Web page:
Brittany: It’s more like, how do I pick the failure to talk about? But we have 10 to 15 minutes to get it all in. So, first one is similar to you, Emma, where I was a, what the, expression is I was a big fish in a little pond in Utah. And so I was able to get a lot of opportunities there. And then when I moved to DC I was like, well, they’re just gonna hand me jobs. Like, I’m gonna be beating off jobs with this because I’m gonna have so many offers, I’m not gonna know what to do with them. And that did not happen. And I got rejected over and over again. And for the first little bit, every time I got rejected it was so bad. I mean, like, I would be crying for days and it made it really hard to get up there and try again. So that was something I had to learn. It was not a pleasant, not a pleasant experience, but I’ve gotten so much tougher. It’s so funny to me when I look back at that, I’ve gotten so much tougher. It’s still like rejection still hurts, don’t get me wrong. But you get, it’s like when you lift weights, you get stronger and stronger each time. And so that’s one thing I learned. So similar with you Emma, but I mean more recently. So I do standup comedy three times a week. And a lot of comedy is finding out if your jokes are funny and sometimes they’re not, right? And so this is actually something, it’s a, I’ve always wanted do comedy anyway, but it’s also a good, it’s made me a tougher person because imagine getting up in front of people and telling a joke and no one laughs guys, it’s, yeah, really rough. But here’s the cool thing about that. And this is the whole point of doing comedy and maybe bombing as they call it. You go home and you think, okay, why wasn’t that joke funny? How can I make this joke funnier? Or, okay, all my other jokes worked but this one didn’t. So I’m gonna keep this joke out of my other, you know, out of my comedy set. Because now I know it doesn’t work. So it’s actually helpful for me to have that audience feedback cuz they tell me with their laughs whether or not this is a good joke. And again, it’s hard at first cuz you’re like, oh dear, literally no one is laughing. Yeah, I’m not funny. But then again, you try again and you get laughs the next time or maybe you don’t. So that’s something that has been really rewarding actually. As much as I don’t like it in the moment, every time I get off stage, I’m like, you did it. You handled, you know, one or two jokes, not resonating. So that’s been a really fun experience for me. It’s kinda crazy how much I’ve enjoyed it. Failing on stage. So that’s something that, yeah, like I, actually recommend you all like, try going in front of, people and failing sometimes. Cause it’s actually a good lesson.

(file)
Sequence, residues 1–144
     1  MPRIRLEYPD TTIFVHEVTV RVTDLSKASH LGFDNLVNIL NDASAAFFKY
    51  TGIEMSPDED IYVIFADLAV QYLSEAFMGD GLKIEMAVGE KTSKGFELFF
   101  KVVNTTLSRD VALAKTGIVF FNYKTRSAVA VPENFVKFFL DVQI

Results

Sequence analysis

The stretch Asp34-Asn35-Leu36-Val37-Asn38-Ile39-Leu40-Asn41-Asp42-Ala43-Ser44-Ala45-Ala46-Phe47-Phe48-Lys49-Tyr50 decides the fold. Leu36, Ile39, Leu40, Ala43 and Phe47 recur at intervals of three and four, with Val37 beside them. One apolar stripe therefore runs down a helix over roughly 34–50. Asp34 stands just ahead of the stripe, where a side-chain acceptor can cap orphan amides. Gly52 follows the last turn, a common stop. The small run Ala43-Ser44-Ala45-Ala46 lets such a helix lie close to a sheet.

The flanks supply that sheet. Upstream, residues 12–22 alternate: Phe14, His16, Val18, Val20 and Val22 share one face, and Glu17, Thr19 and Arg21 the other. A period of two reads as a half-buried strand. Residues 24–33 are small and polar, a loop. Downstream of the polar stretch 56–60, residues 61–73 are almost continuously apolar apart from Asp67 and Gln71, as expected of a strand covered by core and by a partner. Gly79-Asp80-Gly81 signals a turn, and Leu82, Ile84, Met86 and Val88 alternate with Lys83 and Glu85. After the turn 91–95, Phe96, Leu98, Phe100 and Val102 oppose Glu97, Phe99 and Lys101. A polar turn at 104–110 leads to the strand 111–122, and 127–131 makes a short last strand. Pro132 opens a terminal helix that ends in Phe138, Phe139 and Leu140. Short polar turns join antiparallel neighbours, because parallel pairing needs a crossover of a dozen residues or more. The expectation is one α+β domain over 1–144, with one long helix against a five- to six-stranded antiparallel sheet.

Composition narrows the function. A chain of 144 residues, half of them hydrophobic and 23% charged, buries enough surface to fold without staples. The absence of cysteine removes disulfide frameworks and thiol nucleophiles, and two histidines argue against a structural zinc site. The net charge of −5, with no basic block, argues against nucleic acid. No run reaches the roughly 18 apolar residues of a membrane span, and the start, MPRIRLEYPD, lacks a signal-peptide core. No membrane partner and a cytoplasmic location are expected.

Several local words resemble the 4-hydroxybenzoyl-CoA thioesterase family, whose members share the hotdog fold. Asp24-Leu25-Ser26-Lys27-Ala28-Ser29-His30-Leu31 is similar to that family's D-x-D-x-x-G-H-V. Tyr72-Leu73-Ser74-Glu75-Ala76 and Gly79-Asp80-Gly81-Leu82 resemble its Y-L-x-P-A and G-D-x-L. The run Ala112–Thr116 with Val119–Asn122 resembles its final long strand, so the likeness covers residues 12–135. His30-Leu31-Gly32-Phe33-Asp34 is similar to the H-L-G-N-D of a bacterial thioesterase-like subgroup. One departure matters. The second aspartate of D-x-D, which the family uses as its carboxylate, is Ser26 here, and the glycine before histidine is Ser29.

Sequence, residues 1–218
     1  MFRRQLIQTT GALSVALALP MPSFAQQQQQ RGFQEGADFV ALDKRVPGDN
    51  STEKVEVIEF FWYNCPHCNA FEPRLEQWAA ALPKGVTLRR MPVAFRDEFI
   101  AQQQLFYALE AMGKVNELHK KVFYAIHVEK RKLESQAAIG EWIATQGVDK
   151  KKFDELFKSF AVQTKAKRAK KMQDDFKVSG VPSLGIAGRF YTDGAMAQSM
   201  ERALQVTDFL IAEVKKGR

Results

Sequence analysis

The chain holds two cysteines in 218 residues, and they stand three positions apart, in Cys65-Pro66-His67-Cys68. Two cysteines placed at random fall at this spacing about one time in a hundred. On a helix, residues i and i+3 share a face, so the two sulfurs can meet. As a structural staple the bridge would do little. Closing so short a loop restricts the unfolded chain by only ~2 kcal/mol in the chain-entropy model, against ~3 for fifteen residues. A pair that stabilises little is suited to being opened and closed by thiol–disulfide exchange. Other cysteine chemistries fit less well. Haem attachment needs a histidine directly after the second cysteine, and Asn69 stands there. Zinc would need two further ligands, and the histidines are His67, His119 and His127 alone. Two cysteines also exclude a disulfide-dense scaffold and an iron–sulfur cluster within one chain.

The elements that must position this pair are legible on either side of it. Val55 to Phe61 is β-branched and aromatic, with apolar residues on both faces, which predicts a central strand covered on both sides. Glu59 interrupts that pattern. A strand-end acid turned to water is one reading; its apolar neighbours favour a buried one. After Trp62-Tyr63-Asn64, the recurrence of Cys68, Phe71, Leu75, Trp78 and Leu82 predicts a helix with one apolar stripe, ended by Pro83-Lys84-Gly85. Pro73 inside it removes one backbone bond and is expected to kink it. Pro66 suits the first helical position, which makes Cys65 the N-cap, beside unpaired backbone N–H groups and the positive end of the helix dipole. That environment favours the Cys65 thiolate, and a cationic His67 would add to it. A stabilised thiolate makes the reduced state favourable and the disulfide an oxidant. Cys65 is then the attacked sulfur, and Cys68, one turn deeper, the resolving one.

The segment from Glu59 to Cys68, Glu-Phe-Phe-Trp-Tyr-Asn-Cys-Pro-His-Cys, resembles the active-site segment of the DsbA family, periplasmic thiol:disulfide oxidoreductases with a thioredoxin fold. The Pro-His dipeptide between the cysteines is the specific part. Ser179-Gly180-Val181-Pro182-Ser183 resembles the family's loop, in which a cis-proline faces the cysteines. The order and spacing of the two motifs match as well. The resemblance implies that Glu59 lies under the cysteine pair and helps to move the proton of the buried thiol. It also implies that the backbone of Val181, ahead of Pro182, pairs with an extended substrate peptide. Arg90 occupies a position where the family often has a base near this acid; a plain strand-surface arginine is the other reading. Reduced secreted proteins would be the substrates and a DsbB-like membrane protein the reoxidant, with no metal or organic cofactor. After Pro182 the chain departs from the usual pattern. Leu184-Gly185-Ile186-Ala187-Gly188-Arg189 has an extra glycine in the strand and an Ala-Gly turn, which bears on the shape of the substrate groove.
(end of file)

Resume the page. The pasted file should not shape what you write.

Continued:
Emma: Totally. Gosh, yeah. That would be really scary. I have so much respect for standup comedians. Like, I, actually love going to comedy shows and especially an open mic night because I never go up. I do not consider myself a comedian in any way, but I have so much respect for people who are brave enough to do that. And even sometimes if stuff isn’t super funny to me, I’m guilty of like the pity laugh because I’m just like.